10. Having now considered students and teachers and teaching, the final ‘curriculum making’ circle we will discuss is school geography and potential pedagogical approaches. Social justice has for some time be embedded in the work of academic geographers and became a key concept in research in academic geography following a conference paper entitled ‘Social Justice and Spatial Systems’ given by the geographer David Harvey in 1971 (Smith, 2000). His definitive text ‘Social Justice in the City’, published in 1973, called on geographers to move on from their descriptive roots and to begin to critically examine the relationships between social justice and urban spaces. In 1994 Smith argued that all aspects of Human Geography – cultural, social economic and political – are, by their very nature invested in the study of Social Justice, and Hopkins (2020) cites three broad fields of geographical research - poverty and welfare, gender and sexuality, and race and ethnicity, where social justice and injustice is central to the work of social geographers. In school geography Climate Change, resource distribution and exploitation, international conflict, food security, biosecurity, political ecology, health inequalities, and many others, at the local through to the international scale, can be taught through the lens of social justice and injustice, thus helping young people to understand the ways in which the ‘social processes and institutional decision making’ mentioned by Hopkins (2020) shape and influence their own lives and those of others. Geography can contribute, at a subject level, to young peoples understanding of social justice, but not without the kinds of pedagogies that enable them to critically engage with complex ideas. Margaret Roberts (2014) talks about the kinds of ‘powerful pedagogies’ necessary if powerful knowledge is to be learnt. By this she means that geographical knowledge is only potentially powerful and that if students are to learn to ‘think geographically’ and build their ‘GeoCapabilities’ then students need opportunities to discover their own curiosities and to actively engage with their learning. She states: ‘If students are to engage with disciplinary practice they need to become aware of the kinds of questions geographers ask, the methodologies used to select and interpret data and how these shape geographical knowledge. To make sense of geographical knowledge, they need to be able to understand, interpret, analyse and critique geographical data presented in different ways: printed text; maps; statistics, graphs; photographs and film. To make sense of geography they need to make connections of all kinds: between existing knowledge and new ideas; between different pieces of information; between different concepts. The ideas about pedagogy that Roberts is advocating here relate to notions of socially just classrooms where learning geography is seen as a participatory practice based on critical thinking. For such practices to be truly agentive classrooms need to feel safe and welcoming for all students and encourage and enable, not singular views and perspectives but multiple ways of thinking and knowing. What this means is that in some way a teacher and her students’ pedagogic practice needs to be transformative - intellectually, socially and politically.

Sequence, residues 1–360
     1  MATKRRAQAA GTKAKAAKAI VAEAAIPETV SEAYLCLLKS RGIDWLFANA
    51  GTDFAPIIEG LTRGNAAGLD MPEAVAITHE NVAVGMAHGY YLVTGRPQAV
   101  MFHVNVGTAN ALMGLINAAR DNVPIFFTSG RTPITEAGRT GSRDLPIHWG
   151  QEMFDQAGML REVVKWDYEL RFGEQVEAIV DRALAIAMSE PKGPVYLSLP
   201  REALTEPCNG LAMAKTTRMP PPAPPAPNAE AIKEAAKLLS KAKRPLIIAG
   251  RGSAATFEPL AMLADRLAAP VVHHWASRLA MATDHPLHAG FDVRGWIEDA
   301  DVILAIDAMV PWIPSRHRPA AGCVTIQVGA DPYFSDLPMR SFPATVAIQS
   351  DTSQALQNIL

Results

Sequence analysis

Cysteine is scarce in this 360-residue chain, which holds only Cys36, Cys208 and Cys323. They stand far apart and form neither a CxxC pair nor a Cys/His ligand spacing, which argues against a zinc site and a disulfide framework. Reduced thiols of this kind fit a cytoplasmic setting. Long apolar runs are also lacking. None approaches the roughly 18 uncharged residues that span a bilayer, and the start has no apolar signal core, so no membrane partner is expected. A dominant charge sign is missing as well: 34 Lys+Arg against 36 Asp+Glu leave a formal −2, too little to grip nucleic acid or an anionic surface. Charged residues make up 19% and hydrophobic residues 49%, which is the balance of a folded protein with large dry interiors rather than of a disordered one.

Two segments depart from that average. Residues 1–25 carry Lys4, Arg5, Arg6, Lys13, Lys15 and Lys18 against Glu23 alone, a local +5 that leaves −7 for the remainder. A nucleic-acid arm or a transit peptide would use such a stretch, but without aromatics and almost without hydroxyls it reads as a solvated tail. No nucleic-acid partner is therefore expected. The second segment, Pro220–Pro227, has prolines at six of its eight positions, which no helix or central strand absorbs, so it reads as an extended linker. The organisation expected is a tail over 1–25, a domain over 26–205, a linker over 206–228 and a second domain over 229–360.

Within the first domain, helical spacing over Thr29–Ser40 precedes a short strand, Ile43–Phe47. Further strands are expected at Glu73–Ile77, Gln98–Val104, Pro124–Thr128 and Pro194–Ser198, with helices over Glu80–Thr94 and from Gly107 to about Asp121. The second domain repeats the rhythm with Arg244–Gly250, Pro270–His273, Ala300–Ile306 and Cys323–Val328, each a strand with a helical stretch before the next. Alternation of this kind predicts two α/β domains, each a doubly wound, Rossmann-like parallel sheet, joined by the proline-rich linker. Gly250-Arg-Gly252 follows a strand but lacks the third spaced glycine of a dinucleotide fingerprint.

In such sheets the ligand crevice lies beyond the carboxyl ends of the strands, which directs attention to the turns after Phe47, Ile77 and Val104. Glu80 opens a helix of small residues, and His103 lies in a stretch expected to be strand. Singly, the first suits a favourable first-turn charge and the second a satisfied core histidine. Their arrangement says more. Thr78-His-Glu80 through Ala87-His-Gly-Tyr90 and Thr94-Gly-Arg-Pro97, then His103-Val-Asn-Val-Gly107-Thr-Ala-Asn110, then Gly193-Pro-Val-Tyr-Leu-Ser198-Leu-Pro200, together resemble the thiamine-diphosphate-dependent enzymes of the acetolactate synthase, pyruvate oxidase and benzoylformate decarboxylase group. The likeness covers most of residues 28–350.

11. Here are just some quotes from a focus group interview with a small group of students in one of our participating schools. I am not claiming that these are anything other than a small indication of what a small group f students felt they had taken for their learning about migration. The students were not aware of ‘GeoCapabilities’ but the concept maps they completed and their responses to focus group discussions do reveal something of their understanding, in relation to migration, of fairness and injustice global inequalities, social attitudes and discrimination,
  12. Writing in the Handbook of Education Actin Research (Somekh and Noffke, ) Morwenna Griffiths poses a series of questions aimed at encouraging regular reflection on the processes of AR. Whilst we are not claiming that GeoCapabilities 3 was established as an action research project, these questions or ‘fields of thought’ provide food for future thought in relation to supporting socially just project working. I finish here and my colleagues will now take over, reporting and recounting different aspects of the work of the project that individually and collectively will through more light on the work undertaken and how this relates to social justice. From Griffiths Epistemology: Is there acceptance of continuing change, of no final answers, of provisionality? Is the end that the research was working for itself in question? How are conclusions presented?   Is there an openness to others’ perspectives, however surprising or even unwelcome? Is there evidence of a willingness to put the selves of the researchers into question?   Is the research whole-hearted? Has it been personally enriching and exciting? Have there been tears and arguments? Despair and delight? What difference did these emotions make to the process and outcome of the research?   Action and effects Whose actions are they and for what ends? Is it a joint action or just that of single individuals? Is it specific changed behaviour and/or is it a transformation of perceptions? What will happen next? What are the effects of the research?   Have barriers and constraints to action been questioned and assessed? Do these include: local, internal, structural (e.g. school, Department), large scale structures (e.g. gender, technical rationality)? What counts as action for this research - and why?   About voice and power Who is included in the research? Was consideration given to including everyone with an involvement? So, for schools: not just the teachers, (say) but also the children, parents, cleaners, mid-day supervisors? For H.E. not just the academic staff, but also support staff in various roles?   Was the research collaborative? In what sense? At what stage in the process? Why? Could anyone have done the research on their own? How did any collaboration make a difference?   Was everyone able to contribute confidently without compromising some part of their identity? Do the styles of communication take account of how the ground rules of communication vary by gender, cultural heritage, etc? Do the modes of discourse (Chang-Wells and Wells, 1997) exclude some social groups? Is there an opportunity to have a say, using different modes of expression? What evidence is there about this?   Did the research take any unexpected directions when different perspectives were included? Were there misunderstandings and surprising differences of perception? How did they affect the process and outcomes of the research?     About recognition and redistribution Has individual difference and social diversity been considered? Is attention paid to all the axes of difference (including race, ethnicity, religion, gender, social class, sexuality, (dis)abilities)? Is recognition given to all?   Is complexity acknowledged – or are some groups being stereotyped? Are material and human resources allocated fairly to all sectors – both during the research and as a result of it? Does the research treat anyone as especially important or insignificant? Why?